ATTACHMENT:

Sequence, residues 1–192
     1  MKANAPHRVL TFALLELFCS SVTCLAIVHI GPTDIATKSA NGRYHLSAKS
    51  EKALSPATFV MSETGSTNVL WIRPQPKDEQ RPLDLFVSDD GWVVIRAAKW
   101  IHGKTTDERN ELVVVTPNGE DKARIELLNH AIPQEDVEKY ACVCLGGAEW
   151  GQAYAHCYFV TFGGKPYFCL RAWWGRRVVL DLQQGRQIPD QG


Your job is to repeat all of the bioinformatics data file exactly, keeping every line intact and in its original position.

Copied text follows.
Sequence, residues 1–192
     1  MKANAPHRVL TFALLELFCS SVTCLAIVHI GPTDIATKSA NGRYHLSAKS
    51  EKALSPATFV MSETGSTNVL WIRPQPKDEQ RPLDLFVSDD GWVVIRAAKW
   101  IHGKTTDERN ELVVVTPNGE DKARIELLNH AIPQEDVEKY ACVCLGGAEW
   151  GQAYAHCYFV TFGGKPYFCL RAWWGRRVVL DLQQGRQIPD QG